In my first blog posting on New Year’s Resolutions, I promised to provide some guidelines that may help you figure out how to make some resolutions that work for you. Here they are.
Step 1: refer to the questions in my last blog post and spend a bit of time thinking and journaling about them
Step 2: based on the information you gathered, decide whether or not any of your past resolutions are worth keeping
Step 3: select one goal and use the “SMART goal” strategy to re-define it
Here is an example of a goal that is not-so-helpful:
Eat healthier in 2010. (In fact that little picture I posted has a list of 7, totally unhelpful goals.)
This goal is vague, all-encompassing, intangible, and provides no action plan to changing your habits.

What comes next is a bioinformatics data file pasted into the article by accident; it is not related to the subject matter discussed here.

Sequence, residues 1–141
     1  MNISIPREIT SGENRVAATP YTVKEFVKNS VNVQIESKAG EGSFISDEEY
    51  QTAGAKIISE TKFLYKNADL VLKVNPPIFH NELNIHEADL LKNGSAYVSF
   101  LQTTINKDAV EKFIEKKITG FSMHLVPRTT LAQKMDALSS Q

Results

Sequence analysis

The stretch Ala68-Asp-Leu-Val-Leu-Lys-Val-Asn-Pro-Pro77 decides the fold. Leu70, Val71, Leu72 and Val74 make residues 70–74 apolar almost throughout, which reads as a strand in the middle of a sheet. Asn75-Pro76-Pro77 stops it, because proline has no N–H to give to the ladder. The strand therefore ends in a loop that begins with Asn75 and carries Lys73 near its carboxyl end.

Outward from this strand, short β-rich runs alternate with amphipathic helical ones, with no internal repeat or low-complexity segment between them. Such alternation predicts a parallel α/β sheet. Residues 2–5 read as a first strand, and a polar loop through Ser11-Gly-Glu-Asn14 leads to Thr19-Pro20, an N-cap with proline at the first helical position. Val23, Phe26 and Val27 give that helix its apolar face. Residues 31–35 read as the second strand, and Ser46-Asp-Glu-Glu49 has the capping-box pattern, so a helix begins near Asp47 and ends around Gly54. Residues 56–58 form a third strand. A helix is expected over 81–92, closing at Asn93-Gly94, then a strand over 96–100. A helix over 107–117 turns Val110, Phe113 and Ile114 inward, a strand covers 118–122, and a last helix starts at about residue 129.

Here is an example of a SMART goal which actually helps you accomplish something:
Eat two pieces of fruit each day.
This goal is much more specific and trackable. You can sit down at the end of the day and know whether or not you’ve accomplished it.
I’d also encourage you to consider using a tracking sheet for your goals. I have one that I use with some of my clients. If you’d like a copy, send me an email at marci@marciRD.com and I’d be happy to send you a copy.
Creating specific, realistic goals that actually empower you to make positive change is really hard work! And changing nutrition habits is particularly tough because our food habits are heavily engrained from years of eating. Plus they are also influenced by relationships, emotions, and even logistical planning!
So if you feel stuck with your goals- send ‘em in. I’d be happy to give you a little feedback.
Wish you all the best for a healthy 2010.
Marci, Registered Dietitian